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Thus far we have treated of wines, the goodness of which is due to the country of their growth. In Greece the wine that is known by the name of "bion," and which is administered for its curative qualities in several maladies (as we shall have occasion to remark when we come to speak on the subject of Medicine1), has been justly held in the very highest esteem. This wine is made in the following manner: the grapes are plucked before they are quite ripe, and then dried in a hot sun: for three days they are turned three times a day, and on the fourth day they are pressed, after which the juice is put in casks,2 and left to acquire age in the heat of the sun.3

The people of Cos mix sea-water in large quantities with their wines, an invention which they first learned from a slave, who adopted this method of supplying the deficiency that had been caused by his thievish propensities. When this is mixed with white must, the mixture receives the name of "leu- cocoum."4 In other countries again, they follow a similar plan in making a wine called "tethalassomenon."5 They make a wine also known as "thalassites,"6 by placing vessels full of must in the sea, a method which quickly imparts to the wine all the qualities of old age.7 In our own country too, Cato has shown the method of making Italian wine into Coan: in addition to the modes of preparation above stated, he tells us that it must be left exposed four years to the heat of the sun, in order to bring it to maturity. The Rhodian8 wine is similar to that of Cos, and the Phorinean is of a still salter flavour. It is generally thought that all the wines from beyond sea arrive at their middle state of maturity in the course of six9 or seven years.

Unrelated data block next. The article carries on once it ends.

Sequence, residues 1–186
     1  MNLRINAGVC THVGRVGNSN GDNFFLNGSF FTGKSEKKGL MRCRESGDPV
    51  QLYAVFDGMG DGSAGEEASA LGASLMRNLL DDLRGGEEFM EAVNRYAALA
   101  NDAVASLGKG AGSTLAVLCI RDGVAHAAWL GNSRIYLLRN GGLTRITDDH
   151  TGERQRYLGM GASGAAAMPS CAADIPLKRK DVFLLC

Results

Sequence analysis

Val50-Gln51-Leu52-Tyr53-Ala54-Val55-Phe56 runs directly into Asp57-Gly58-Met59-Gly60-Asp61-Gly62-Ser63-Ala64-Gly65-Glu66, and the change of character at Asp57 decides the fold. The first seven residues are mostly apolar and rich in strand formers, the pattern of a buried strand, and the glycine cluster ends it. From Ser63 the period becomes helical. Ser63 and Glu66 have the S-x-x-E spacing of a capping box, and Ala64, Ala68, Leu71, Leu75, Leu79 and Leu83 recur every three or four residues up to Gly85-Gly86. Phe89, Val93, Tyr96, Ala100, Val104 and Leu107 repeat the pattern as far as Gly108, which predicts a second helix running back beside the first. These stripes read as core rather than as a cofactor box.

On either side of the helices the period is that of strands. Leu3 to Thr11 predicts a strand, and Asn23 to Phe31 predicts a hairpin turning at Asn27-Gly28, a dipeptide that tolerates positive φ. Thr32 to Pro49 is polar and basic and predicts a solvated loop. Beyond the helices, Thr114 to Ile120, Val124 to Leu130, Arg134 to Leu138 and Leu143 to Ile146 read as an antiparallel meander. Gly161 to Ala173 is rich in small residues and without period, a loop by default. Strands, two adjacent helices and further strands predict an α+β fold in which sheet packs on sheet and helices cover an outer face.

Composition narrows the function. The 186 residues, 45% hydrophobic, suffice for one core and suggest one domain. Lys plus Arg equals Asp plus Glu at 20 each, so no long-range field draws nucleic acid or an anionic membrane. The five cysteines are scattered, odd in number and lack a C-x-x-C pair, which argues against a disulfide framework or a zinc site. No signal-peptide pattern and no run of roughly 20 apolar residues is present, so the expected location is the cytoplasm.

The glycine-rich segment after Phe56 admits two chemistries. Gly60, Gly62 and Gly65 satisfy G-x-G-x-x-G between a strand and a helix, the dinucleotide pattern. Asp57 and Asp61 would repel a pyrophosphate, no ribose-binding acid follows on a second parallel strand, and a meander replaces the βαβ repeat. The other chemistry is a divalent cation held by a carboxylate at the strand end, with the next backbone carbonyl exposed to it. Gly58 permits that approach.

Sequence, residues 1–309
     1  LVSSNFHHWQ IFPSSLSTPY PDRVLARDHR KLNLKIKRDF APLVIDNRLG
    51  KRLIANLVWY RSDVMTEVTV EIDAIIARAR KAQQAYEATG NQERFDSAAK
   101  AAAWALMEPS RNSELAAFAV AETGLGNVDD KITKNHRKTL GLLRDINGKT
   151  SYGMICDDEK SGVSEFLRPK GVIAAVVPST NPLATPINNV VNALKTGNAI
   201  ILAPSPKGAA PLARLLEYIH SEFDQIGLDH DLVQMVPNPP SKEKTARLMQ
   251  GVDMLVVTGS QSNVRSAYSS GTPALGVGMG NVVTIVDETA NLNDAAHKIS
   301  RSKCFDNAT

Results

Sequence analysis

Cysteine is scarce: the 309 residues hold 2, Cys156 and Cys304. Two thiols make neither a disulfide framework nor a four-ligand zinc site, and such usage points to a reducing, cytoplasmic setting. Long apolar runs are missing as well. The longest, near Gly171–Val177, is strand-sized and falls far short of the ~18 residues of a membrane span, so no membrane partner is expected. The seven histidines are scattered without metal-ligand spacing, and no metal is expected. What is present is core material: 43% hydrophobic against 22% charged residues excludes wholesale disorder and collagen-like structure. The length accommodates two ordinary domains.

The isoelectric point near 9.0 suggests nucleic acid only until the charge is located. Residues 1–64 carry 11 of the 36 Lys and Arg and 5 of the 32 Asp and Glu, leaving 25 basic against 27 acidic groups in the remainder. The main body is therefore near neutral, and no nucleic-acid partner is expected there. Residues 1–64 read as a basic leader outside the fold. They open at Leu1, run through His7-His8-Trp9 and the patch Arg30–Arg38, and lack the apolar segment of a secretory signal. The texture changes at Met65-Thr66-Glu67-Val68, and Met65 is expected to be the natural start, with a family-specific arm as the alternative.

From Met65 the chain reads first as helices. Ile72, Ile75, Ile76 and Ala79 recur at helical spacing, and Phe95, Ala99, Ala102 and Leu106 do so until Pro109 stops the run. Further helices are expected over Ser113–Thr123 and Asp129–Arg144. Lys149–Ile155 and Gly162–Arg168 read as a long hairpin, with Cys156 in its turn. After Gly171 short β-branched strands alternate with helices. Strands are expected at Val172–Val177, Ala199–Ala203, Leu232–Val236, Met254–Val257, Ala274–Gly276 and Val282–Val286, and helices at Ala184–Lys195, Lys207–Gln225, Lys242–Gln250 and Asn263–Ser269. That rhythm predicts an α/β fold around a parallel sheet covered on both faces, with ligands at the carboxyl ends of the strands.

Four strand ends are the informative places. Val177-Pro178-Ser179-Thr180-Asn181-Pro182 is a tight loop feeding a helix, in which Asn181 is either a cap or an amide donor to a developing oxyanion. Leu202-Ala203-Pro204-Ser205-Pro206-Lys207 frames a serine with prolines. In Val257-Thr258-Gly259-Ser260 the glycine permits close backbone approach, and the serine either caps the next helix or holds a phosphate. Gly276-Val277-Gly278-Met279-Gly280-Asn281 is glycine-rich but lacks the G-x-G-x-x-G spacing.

1 B. xxiii. c. 1, and c. 26.

2 "Cadis."

3 Fée remarks that this method is still adopted in making several of the liqueurs.

4 White wine of Cos. Fée thinks that Pliny means to say that the sea water turns the must of a white or pale straw colour, and is of opinion that he has been wrongly informed.

5 "Sea-water" wine.

6 "Sea-seasoned" wine.

7 Fée says, that if the vessels were closed hermetically this would have little or no appreciable effect; if not, it would tend to spoil the wine.

8 Athenæus says that the Rhodian wine will not mix so well with seawater as the Coan. Fée remarks that if Cato's plan were followed, the wine would become vinegar long before the end of the four years.

9 Sillig thinks that the proper reading is "in six" only.

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